SPONSORED: The staff at the new Coles store in Kalgoorlie, Western Australia are almost 14 per cent Indigenous, and with a strong focus on culture and community, the new store opened recently with a Smoking Ceremony and bush tucker tasting, including honey ants, damper and native jams.
Of the 23 Indigenous staff in the 170-strong store, eight were graduates of Coles’ pre-employment program and have been employed on a permanent part-time basis.
The supermarket giant delivered the pre-employment program in partnership with the Australian Indigenous Business Alliance Group and is now partnering with Midwest Employment and Economic Development Aboriginal Corporation to provide six months of post-placement mentoring support.
Coles has delivered more than 50 Indigenous pre-employment programs across the country, with a focus on remote and regional locations since 2011.
The new Kalgoorlie store also saw two brand new art murals from Indigenous artists.
Seven Sisters Dreaming and Countryside at Springtime was a collaboration between artists Kgukgi Catherine Howard Noble and Edith Wallam Noble (Seven Sisters Dreaming) and Buodoon Edie Ulrich, Geegoo Danny Ulrich and Gnarool Marjorie Stubbs (Countryside at Springtime).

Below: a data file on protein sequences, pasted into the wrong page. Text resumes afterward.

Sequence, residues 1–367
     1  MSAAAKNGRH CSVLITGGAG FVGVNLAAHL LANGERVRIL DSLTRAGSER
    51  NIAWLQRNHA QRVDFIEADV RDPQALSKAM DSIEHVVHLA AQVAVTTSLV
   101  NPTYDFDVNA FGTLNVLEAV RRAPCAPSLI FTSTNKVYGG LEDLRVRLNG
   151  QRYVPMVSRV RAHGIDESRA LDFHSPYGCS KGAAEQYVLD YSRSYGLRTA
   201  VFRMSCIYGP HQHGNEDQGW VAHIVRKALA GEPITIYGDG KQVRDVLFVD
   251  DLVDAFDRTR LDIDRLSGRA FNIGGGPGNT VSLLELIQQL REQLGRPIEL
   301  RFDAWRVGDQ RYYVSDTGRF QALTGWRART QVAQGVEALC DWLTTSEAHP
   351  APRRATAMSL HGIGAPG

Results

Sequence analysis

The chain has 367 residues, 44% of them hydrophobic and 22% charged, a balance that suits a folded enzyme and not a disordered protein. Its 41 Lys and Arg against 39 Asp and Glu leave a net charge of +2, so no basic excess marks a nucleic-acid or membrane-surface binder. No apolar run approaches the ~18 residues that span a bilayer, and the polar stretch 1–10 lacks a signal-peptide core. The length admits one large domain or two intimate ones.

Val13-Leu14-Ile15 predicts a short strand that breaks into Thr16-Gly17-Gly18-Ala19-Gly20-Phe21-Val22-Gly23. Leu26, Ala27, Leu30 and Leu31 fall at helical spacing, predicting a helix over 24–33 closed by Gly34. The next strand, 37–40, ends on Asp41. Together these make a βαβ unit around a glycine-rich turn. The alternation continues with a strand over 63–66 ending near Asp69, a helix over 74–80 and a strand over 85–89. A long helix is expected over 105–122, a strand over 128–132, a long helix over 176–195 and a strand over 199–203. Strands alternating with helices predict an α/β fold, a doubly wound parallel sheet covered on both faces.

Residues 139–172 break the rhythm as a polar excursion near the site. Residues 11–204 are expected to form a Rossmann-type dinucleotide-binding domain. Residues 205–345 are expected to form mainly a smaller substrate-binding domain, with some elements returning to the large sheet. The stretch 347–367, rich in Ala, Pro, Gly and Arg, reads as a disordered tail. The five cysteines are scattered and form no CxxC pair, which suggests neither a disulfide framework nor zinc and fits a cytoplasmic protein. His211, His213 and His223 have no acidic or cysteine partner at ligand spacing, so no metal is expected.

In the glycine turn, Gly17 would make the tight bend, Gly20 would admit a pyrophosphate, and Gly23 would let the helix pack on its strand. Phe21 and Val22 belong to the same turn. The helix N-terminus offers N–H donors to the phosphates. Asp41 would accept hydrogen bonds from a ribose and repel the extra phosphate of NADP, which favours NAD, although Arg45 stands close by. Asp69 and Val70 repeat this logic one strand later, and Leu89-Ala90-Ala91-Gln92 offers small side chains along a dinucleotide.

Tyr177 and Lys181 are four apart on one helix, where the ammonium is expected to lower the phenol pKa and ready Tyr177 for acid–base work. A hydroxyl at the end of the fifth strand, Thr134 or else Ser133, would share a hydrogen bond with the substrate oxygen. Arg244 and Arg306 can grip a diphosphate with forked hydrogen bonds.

The art tells the story of the Seven Sisters, who travelled to earth from the spirit world during the Dreamtime to make the land more beautiful. The sisters journeyed to each waterhole and learned from the Elders how to care for Country and each other. They then went back to their Ancestors and Creator.
The mural also represents Country at Springtime, when the dry dusty Country transforms into a rainbow of colour with blooming wildflowers and everlastings.
The second mural, Tjirla and Kalunng (Snake and Goanna), from artists Tjubriin Valma Wicker-Schultz, Meelmeel James Schultz, Darius Wicker, Naomi Schultz and Tayunnah Schultz, represents a Ngadju family Dreaming.
It tells the story of how the Tjirla came to eat the Kalunng’s eggs, and the Kalunng gets bitten by the Tjirla while defending its nest. The Kalunng must heal itself by eating a particular bush medicine leaf to heal itself. The healing leaves were sent by the Creator and grow in the bush in the surrounding area.
The new store’s murals were also accompanied by Coles vans printed with Indigenous art and branding. The Ngadju Dancers also performed traditional dancing for the supermarket’s official opening.
“The Coles Aboriginal and Torres Strait Islander plan focuses on employment and community engagement as key outcomes, as it is important to Coles that we represent and reflect the communities where we operate,” said Coles Indigenous Engagement Advisor, Marty Taylor.
“I’d like to congratulate our newly appointed team members on their amazing achievement and thank the highly skilled artists, on both stunning murals.”
Recognised as Australia’s largest corporate sector employer of Aboriginal and Torres Strait Islander people, Coles has an Indigenous workforce of more than 4,900 people. By 2023, they hope to have increased that representation to five per cent of the total Coles workforce.